First opened in 1925, the theatre was named after one of America’s greatest classical actors, Edwin Forrest.
Built by the Shuberts, architect Herbert J. Krapp designed the theatre in the Georgian style, which prizes symmetry as well as classic Greek and Roman details.
In 1959, it was renamed in honor of playwright Eugene O’Neill, who died six years prior.
In the late 1960’s, Neil Simon purchased the theatre. Although the theatre did not undergo a name change, the theatre housed a series of Simon’s plays including Last of the Red Hot Lovers, The Prisoner of Second Avenue, and God’s Favorite.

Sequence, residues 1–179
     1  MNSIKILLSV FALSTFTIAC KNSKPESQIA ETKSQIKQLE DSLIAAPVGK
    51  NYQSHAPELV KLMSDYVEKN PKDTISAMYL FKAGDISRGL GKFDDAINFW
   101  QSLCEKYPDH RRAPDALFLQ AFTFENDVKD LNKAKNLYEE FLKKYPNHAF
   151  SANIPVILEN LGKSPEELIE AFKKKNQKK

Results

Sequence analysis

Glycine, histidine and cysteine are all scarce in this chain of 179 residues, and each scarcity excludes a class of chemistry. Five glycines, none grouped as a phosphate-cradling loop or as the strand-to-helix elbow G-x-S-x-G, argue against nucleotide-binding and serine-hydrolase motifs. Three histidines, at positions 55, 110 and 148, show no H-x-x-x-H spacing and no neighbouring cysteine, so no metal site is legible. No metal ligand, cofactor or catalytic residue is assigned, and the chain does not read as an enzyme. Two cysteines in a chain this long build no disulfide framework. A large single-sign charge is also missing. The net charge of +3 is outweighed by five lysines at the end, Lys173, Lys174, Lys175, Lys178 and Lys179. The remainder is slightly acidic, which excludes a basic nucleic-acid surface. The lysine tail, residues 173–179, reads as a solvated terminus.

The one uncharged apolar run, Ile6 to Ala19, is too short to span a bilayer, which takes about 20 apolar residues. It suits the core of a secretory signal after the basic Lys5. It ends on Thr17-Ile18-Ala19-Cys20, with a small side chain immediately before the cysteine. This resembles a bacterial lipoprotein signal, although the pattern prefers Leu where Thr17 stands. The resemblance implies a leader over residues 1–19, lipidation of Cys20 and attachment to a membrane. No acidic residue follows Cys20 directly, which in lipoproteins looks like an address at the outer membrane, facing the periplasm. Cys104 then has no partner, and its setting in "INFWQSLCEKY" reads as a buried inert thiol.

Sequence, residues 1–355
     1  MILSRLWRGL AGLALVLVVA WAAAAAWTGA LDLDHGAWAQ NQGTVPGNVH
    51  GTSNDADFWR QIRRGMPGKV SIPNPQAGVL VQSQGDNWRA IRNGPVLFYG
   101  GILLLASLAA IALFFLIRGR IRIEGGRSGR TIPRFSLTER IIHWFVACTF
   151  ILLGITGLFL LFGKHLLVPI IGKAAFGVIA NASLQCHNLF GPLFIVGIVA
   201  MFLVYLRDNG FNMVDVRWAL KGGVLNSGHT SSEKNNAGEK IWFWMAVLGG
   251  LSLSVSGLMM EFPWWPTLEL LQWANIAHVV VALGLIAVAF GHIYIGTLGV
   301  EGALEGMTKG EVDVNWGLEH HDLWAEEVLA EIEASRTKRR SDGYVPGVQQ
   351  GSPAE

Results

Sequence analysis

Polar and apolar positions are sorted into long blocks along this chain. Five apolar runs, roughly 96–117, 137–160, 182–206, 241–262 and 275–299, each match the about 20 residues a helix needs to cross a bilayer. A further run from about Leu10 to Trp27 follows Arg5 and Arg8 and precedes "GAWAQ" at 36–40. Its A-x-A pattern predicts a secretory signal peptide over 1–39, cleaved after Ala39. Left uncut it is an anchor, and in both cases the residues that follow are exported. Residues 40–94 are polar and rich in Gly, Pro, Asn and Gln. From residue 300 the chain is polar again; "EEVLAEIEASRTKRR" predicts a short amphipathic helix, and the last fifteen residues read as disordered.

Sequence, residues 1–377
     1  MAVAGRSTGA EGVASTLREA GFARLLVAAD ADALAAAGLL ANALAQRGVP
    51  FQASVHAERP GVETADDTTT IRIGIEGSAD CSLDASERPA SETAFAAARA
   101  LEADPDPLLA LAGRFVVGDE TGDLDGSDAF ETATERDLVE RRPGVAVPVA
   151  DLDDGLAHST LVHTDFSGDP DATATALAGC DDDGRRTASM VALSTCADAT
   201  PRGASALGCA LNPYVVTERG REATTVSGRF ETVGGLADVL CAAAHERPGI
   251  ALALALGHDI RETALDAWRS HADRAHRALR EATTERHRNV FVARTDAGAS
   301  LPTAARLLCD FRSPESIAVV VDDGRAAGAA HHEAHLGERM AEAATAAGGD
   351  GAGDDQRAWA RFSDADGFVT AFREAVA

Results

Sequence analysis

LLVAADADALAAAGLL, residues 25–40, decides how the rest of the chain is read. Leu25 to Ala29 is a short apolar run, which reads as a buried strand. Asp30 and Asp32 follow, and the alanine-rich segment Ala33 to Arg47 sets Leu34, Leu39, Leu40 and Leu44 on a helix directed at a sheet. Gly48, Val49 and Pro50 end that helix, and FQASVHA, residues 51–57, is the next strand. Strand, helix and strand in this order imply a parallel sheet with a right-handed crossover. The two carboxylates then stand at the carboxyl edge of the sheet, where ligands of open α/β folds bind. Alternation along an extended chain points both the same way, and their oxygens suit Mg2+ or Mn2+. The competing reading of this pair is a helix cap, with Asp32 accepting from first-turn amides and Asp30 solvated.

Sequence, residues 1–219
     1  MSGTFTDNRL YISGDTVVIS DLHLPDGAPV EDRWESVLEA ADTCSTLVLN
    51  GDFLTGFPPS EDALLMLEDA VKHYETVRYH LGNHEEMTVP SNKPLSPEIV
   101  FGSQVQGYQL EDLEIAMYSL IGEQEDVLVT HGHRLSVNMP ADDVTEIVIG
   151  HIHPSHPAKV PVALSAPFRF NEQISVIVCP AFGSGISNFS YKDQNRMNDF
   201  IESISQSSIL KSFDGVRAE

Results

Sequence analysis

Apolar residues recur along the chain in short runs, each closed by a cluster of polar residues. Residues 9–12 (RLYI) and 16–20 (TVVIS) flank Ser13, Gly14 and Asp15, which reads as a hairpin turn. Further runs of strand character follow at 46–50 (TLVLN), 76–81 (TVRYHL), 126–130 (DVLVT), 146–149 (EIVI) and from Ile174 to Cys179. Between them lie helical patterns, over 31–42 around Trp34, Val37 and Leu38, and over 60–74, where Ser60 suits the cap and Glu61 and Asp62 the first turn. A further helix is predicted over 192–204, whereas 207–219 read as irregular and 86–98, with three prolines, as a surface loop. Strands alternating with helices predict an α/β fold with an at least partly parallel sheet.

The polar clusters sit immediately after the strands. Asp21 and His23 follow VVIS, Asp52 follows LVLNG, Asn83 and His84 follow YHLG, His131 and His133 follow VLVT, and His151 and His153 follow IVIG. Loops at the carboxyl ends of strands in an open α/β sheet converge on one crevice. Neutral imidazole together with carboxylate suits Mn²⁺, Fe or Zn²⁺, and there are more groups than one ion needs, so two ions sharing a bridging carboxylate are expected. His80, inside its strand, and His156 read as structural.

In 1982 Jujamcyn Theatres bought the Eugene O’Neill from Simon and has operated the theatre ever since.
Although the theatre was known as home for flops early in its existence under other names, the O’Neill is now considered one the most desired midsized theatres on Broadway, having housed hits including Sweeney Todd, Spring Awakening, and its present tenant, the Book of Mormon.